(iv) Warming the planet will cause many other climatic patterns to change at speeds unprecedented in modern times, including increasing rates of sea-level rise and alterations in the hydrologic cycle. Rising concentrations of carbon dioxide are making the oceans more acidic.

(v) The combination of these complex climate changes threatens coastal communities and cities, our food and water supplies, marine and freshwater ecosystems, forests, high mountain environments, and far more.

Much more can be, and has been, said by the world’s scientific societies, national academies, and individuals, but these conclusions should be enough to indicate why scientists are concerned about what future generations will face from business-as-usual practices. We urge our policy-makers and the public to move forward immediately to address the causes of climate change, including the unrestrained burning of fossil fuels.

We also call for an end to McCarthy-like threats of criminal prosecution against our colleagues based on innuendo and guilt by association, the harassment of scientists by politicians seeking distractions to avoid taking action, and the outright lies being spread about them. Society has two choices: We can ignore the science and hide our heads in the sand and hope we are lucky, or we can act in the public interest to reduce the threat of global climate change quickly and substantively. The good news is that smart and effective actions are possible. But delay must not be an option.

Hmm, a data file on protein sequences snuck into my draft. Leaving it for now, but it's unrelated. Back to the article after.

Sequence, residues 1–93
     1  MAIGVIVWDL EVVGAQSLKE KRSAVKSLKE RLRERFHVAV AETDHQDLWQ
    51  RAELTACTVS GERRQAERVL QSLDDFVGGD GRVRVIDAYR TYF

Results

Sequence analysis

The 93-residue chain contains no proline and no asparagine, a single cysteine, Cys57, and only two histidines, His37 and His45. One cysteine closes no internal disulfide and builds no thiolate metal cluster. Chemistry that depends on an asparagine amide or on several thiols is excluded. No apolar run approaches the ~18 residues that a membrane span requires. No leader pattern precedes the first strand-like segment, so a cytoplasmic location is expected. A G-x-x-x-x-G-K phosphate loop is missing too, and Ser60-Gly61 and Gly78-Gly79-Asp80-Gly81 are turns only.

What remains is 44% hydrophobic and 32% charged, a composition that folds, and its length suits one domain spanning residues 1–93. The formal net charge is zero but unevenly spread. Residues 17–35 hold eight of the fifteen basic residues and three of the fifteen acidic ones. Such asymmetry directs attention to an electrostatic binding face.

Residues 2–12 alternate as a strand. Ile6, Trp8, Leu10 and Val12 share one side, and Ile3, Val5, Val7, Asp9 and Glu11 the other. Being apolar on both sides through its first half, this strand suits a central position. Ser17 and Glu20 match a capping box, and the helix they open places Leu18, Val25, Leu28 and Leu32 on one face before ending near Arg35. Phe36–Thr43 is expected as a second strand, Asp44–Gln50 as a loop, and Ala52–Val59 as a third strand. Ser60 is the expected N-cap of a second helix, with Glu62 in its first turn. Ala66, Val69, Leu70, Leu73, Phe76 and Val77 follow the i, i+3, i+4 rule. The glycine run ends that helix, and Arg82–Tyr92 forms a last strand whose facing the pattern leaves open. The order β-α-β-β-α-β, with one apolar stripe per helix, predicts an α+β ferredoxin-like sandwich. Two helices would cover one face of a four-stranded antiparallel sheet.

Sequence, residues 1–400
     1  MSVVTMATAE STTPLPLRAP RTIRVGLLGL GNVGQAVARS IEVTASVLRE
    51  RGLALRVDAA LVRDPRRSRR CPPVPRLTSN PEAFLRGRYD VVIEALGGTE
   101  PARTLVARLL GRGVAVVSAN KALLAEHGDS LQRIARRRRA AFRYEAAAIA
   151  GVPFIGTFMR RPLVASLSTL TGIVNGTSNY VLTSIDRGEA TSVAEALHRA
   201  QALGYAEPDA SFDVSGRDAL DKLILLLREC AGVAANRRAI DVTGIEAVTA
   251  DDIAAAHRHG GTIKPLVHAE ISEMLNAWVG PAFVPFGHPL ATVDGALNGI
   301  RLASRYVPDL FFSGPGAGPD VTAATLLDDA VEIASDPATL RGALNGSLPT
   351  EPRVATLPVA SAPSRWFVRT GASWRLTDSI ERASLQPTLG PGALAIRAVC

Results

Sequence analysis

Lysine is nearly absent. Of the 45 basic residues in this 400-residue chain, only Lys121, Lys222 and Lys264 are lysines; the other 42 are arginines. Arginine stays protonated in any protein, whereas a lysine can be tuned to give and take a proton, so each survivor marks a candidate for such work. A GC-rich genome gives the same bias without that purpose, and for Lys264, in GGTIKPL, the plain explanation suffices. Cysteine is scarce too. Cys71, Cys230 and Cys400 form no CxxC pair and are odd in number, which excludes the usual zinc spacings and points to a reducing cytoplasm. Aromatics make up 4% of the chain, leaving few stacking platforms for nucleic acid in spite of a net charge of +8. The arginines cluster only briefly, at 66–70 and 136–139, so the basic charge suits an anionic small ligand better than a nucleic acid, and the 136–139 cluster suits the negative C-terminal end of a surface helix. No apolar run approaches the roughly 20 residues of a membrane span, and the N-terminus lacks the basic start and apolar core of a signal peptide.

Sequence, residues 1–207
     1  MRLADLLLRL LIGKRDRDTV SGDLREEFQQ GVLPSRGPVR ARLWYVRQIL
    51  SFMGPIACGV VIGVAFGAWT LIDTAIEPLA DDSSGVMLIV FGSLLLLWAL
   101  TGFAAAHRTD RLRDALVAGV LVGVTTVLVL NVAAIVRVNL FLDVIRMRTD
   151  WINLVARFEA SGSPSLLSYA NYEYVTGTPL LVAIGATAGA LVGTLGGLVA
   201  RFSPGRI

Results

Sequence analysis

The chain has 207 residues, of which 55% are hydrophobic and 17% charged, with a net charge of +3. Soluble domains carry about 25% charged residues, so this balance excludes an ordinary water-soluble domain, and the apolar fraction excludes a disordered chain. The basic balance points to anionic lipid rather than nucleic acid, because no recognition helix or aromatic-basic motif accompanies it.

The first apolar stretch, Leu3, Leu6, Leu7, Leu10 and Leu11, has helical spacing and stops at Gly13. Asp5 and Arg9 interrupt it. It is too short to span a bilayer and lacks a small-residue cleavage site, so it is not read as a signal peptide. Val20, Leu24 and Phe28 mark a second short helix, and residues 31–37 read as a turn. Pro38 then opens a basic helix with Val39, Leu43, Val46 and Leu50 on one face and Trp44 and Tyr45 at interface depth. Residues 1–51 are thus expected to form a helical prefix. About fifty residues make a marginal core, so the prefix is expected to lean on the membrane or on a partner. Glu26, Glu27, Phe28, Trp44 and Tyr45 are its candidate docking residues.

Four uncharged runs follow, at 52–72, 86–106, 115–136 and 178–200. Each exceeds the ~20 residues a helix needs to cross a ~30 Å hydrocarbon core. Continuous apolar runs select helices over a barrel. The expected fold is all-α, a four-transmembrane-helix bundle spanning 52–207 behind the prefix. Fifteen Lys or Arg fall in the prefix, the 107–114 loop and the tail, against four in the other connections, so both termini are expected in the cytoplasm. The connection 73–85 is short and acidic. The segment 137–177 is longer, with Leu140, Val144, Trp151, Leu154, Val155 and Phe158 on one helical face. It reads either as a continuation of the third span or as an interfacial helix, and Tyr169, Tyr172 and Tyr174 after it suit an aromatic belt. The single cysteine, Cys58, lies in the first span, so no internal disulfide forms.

P. H. Gleick,* R. M. Adams, R. M. Amasino, E. Anders, D. J. Anderson, W. W. Anderson, L. E. Anselin, M. K. Arroyo, B. Asfaw, F. J. Ayala, A. Bax, A. J. Bebbington, G. Bell, M. V. L. Bennett, J. L. Bennetzen, M. R. Berenbaum, O. B. Berlin, P. J. Bjorkman, E. Blackburn, J. E. Blamont, M. R. Botchan, J. S. Boyer, E. A. Boyle, D. Branton, S. P. Briggs, W. R. Briggs, W. J. Brill, R. J. Britten, W. S. Broecker, J. H. Brown, P. O. Brown, A. T. Brunger, J. Cairns, Jr., D. E. Canfield, S. R. Carpenter, J. C. Carrington, A. R. Cashmore, J. C. Castilla, A. Cazenave, F. S. Chapin, III, A. J. Ciechanover, D. E. Clapham, W. C. Clark, R. N. Clayton, M. D. Coe, E. M. Conwell, E. B. Cowling, R. M Cowling, C. S. Cox, R. B. Croteau, D. M. Crothers, P. J. Crutzen, G. C. Daily, G. B. Dalrymple, J. L. Dangl, S. A. Darst, D. R. Davies, M. B. Davis, P. V. de Camilli, C. Dean, R. S. Defries, J. Deisenhofer, D. P. Delmer, E. F. Delong, D. J. Derosier, T. O. Diener, R. Dirzo, J. E. Dixon, M. J. Donoghue, R. F. Doolittle, T. Dunne, P. R. Ehrlich, S. N. Eisenstadt, T. Eisner, K. A. Emanuel, S. W. Englander, W. G. Ernst, P. G. Falkowski, G. Feher, J. A. Ferejohn, A. Fersht, E. H. Fischer, R. Fischer, K. V. Flannery, J. Frank, P. A. Frey, I. Fridovich, C. Frieden, D. J. Futuyma, W. R. Gardner, C. J. R. Garrett, W. Gilbert, R. B. Goldberg, W. H. Goodenough, C. S. Goodman, M. Goodman, P. Greengard, S. Hake, G. Hammel, S. Hanson, S. C. Harrison, S. R. Hart, D. L. Hartl, R. Haselkorn, K. Hawkes, J. M. Hayes, B. Hille, T. Hökfelt, J. S. House, M. Hout, D. M. Hunten, I. A. Izquierdo, A. T. Jagendorf, D. H. Janzen, R. Jeanloz, C. S. Jencks, W. A. Jury, H. R. Kaback, T. Kailath, P. Kay, S. A. Kay, D. Kennedy, A. Kerr, R. C. Kessler, G. S. Khush, S. W. Kieffer, P. V. Kirch, K. Kirk, M. G. Kivelson, J. P. Klinman, A. Klug, L. Knopoff, H. Kornberg, J. E. Kutzbach, J. C. Lagarias, K. Lambeck, A. Landy, C. H. Langmuir, B. A. Larkins, X. T. Le Pichon, R. E. Lenski, E. B. Leopold, S. A. Levin, M. Levitt, G. E. Likens, J. Lippincott-Schwartz, L. Lorand, C. O. Lovejoy, M. Lynch, A. L. Mabogunje, T. F. Malone, S. Manabe, J. Marcus, D. S. Massey, J. C. McWilliams, E. Medina, H. J. Melosh, D. J. Meltzer, C. D. Michener, E. L. Miles, H. A. Mooney, P. B. Moore, F. M. M. Morel, E. S. Mosley-Thompson, B. Moss, W. H. Munk, N. Myers, G. B. Nair, J. Nathans, E. W. Nester, R. A. Nicoll, R. P. Novick, J. F. O’Connell, P. E. Olsen, N. D. Opdyke, G. F. Oster, E. Ostrom, N. R. Pace, R. T. Paine, R. D. Palmiter, J. Pedlosky, G. A. Petsko, G. H. Pettengill, S. G. Philander, D. R. Piperno, T. D. Pollard, P. B. Price, Jr., P. A. Reichard, B. F. Reskin, R. E. Ricklefs, R. L. Rivest, J. D. Roberts, A. K. Romney, M. G. Rossmann, D. W. Russell, W. J. Rutter, J. A. Sabloff, R. Z. Sagdeev, M. D. Sahlins, A. Salmond, J. R. Sanes, R. Schekman, J. Schellnhuber, D. W. Schindler, J. Schmitt, S. H. Schneider, V. L. Schramm, R. R. Sederoff, C. J. Shatz, F. Sherman, R. L. Sidman, K. Sieh, E. L. Simons, B. H. Singer, M. F. Singer, B. Skyrms, N. H. Sleep, B. D. Smith, S. H. Snyder, R. R. Sokal, C. S. Spencer, T. A. Steitz, K. B. Strier, T. C. Südhof, S. S. Taylor, J. Terborgh, D. H. Thomas, L. G. Thompson, R. T. Tjian, M. G. Turner, S. Uyeda, J. W. Valentine, J. S. Valentine, J. L. van Etten, K. E. van Holde, M. Vaughan, S. Verba, P. H. von Hippel, D. B. Wake, A. Walker, J. E. Walker, E. B. Watson, P. J. Watson, D. Weigel, S. R. Wessler, M. J. West-Eberhard, T. D. White, W. J. Wilson, R. V. Wolfenden, J. A. Wood, G. M. Woodwell, H. E. Wright, Jr., C. Wu, C. Wunsch, M. L. Zoback